Grace's Guide

British Industrial History

Grace's Guide is the leading source of historical information on industry and manufacturing in Britain. This web publication contains 133,111 pages of information and 210,773 images on early companies, their products and the people who designed and built them.

James Martin (1821-1899)

From Graces Guide

Jump to: navigation, search

The Hon. James Martin (1821-1899)

1889 Joined I Mech E

of Messrs. James Martin and Co., Phoenix Foundry, Gawler, South Australia. Maker of large hauling engines for mines, bridge and boiler work, and locomotives for colonial railways.



1900 Obituary [1]

The Hon. JAMES MARTIN was born in 1821, at the village of Foundry, in the parish of Stithians, Cornwall.

He received little schooling, and at an early ago had to try to earn his own livelihood. After a little experience he went to Truro, and worked for a millwright. He was next employed at the Tresavean mine, Gwennap, and while there was connected with the adoption of the first man-engine used in England. This contrivance was invented by the engineer of the mine, and young Martin was deputed to make the model of it; that model is now in the Polytechnic Hall at Falmouth.

Subsequently he gained experience in a woollen factory at Ponsanooth, near Penryn, where be had to do all kinds of work. His determination to overcome obstacles was the secret of much of his success in after life. Becoming a victim to asthma, he determined to settle in a warmer climate, and South Australia was his choice.

He arrival in that colony in 1847, and settled in Gawler as a wheelwright. The site of his workshop is now a very small portion of the area occupied by Messrs. Martin and Co.'s works, which, grown out of that small beginning, now cover eighteen acres. He began operations with one man, and at the time of his death was employing about 700.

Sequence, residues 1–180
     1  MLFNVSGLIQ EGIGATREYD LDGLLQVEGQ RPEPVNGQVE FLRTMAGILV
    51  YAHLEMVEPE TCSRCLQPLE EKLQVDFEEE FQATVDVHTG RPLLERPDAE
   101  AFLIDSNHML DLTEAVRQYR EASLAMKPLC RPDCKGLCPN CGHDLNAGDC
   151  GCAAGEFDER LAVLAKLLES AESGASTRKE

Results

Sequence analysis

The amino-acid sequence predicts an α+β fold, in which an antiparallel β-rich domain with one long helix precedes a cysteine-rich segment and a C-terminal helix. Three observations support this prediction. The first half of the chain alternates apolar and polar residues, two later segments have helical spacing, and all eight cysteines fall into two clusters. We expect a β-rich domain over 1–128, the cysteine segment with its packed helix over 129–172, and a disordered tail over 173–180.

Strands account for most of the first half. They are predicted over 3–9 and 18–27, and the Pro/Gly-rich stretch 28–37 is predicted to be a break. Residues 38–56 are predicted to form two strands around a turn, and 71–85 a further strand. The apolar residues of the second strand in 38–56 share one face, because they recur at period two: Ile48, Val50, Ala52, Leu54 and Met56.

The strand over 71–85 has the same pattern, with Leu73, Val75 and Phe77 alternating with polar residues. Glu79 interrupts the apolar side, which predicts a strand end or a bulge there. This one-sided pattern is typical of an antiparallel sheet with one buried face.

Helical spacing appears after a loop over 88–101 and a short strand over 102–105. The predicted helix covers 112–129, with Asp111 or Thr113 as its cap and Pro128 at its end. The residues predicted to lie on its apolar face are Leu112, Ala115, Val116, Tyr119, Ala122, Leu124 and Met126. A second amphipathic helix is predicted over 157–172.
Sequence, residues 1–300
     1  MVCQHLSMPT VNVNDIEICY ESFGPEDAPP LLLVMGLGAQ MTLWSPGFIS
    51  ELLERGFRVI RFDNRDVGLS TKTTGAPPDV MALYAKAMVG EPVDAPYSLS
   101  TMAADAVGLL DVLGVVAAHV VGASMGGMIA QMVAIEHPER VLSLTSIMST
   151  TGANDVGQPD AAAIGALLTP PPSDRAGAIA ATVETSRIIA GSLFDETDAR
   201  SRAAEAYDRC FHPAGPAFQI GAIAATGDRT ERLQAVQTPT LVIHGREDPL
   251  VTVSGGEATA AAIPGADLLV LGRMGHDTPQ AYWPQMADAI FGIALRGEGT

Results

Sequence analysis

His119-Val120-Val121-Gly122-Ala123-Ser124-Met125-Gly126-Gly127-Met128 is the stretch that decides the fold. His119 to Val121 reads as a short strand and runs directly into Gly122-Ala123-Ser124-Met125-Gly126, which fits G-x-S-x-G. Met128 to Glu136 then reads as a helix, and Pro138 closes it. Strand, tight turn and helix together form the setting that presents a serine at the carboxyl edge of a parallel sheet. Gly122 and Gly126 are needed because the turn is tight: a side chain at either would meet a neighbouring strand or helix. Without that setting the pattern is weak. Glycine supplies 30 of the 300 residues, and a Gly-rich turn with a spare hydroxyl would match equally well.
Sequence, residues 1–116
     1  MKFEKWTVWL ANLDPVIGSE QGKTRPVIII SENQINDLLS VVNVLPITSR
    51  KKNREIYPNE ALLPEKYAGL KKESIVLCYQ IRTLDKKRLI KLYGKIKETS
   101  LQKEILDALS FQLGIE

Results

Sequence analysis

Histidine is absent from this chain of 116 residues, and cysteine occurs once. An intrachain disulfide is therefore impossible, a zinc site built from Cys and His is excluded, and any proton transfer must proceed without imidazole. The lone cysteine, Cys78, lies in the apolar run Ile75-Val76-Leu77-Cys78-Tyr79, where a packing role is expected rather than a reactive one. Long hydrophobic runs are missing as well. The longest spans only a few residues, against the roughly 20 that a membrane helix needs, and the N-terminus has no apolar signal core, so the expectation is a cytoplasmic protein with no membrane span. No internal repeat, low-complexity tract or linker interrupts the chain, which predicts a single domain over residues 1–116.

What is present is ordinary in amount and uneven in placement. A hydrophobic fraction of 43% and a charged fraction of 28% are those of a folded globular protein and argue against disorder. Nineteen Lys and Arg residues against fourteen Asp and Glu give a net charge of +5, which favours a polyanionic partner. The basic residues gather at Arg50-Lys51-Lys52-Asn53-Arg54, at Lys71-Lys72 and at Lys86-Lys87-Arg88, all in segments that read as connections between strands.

As agriculture extended, he took up the manufacture of reaping machines and other agricultural implements, and during the last ten years built for the South Australian Government about 150 locomotives, in addition to which the firm have built locomotives for Western Australia and Tasmania. Among the numerous mines to which they have supplied machinery, batteries, &c., are the well-known Broken Hill Proprietary, Lake View Consols, Golden Horseshoe, &c. Notwithstanding the great demand which his extending business made upon his attention, he identified himself with every important local movement.

He was Mayor of Gawler for eight years; and was first elected to a seat in the Routh Australian Parliament in 1865, which he resigned three years later, when he took a trip to this country. In 1885 he was elected a member of the Legislative Council, retaining the seat until the time of his decease.

Latterly he had suffered from chest trouble, which gradually became worse, and his death took place at his residence in Gaoler, on 27th December 1899, in his seventy-ninth year.

He became a Member of this Institution in 1889.


1900 Obituary [2]

"...December 27th, 1899, of the Hon. James Martin. Mr. Martin was born in the Year 1821. His birthplace was the village of Foundry, in the parish of Stithians, Cornwall. He received little schooling, and at an early age had to try to earn his own livelihood. After a little experience be went to Truro and worked for a millwright.

He was next employed at the Tresavene mine, and while there was connected with the adoption of the first manengine used in England. The contrivance was invented by the engineer or tho mine, and young Martin was deputed to make the model of it - that model is now in the Polytechnic Hall at Falmouth.

Subsequently he gained experience in a woollen factory at..."More.





See Also

Loading...

Sources of Information